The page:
• BEST PRACTICE 3: Uphold a strategy of monitoring and engagement
  • BEST PRACTICE 4: Establish direct links and easy transitions
  • BEST PRACTICE 5: Encourage access to interactive self-service
  • BEST PRACTICE 6: Create connections to a live agent

According to Watson, Match.com is investing heavily in all of these best practices in order to maintain their differentiation.

“My agents are not building widgets,” she said. “They can have very emotional conversations about very personal things. They and our customers need the tools to facilitate that.”

When Love Needs Customer Service

An IBISWorld report says that online dating is "in the growth phase of its economic life cycle”.  40 million people in the US alone have claimed to have tried online dating. The biggest usage is with those in the 18-29 range, followed by 30-49 year-olds. Demand is expected to increase with Baby Boomers as well, since 1/3 are currently unmarried and more and more are migrating to the digital world.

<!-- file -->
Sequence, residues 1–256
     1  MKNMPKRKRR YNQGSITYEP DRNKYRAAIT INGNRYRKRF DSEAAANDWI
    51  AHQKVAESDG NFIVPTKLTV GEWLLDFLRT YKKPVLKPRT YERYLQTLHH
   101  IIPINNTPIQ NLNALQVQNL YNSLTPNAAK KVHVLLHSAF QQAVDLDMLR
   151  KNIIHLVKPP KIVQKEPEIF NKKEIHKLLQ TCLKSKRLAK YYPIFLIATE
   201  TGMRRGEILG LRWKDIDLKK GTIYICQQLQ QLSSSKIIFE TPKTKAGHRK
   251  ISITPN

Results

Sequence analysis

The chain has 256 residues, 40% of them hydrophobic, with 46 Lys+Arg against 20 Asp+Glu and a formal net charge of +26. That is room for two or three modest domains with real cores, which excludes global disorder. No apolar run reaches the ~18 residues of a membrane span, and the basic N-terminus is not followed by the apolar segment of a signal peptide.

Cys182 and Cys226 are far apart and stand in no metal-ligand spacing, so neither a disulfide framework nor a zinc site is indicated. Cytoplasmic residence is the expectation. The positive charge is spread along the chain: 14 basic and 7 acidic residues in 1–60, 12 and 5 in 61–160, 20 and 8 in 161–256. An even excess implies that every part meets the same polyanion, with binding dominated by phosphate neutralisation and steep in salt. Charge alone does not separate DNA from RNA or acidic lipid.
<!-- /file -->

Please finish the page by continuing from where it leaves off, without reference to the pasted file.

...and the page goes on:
And at some point, they all need customer service.

In an interview with 1to1 Media, Watson said that her team has added lots of enhancements to the customer service experience.  They’ve improved self-service offerings both online and through the IVR, expanded the mobile offerings, invested in a multichannel platform, and increased the focus on tracking and responding to customer comments in social media. According to Watson, internal research shows that members who have engaged with Match.com customer care have a higher lifetime value than those that do not.

A Match Made in Marriage

While I don’t recall if I ever used Match.com’s customer service or not; I am happily called one of their former customers. Sometimes it is good to be a statistic.

To learn more about the recent ICMI research, check out  Six Best Practices for Optimizing Multichannel Customer Support help guide, or Extreme Engagement in the Multichannel Contact Center: Leveraging the Emerging Channels research report and best practices guide.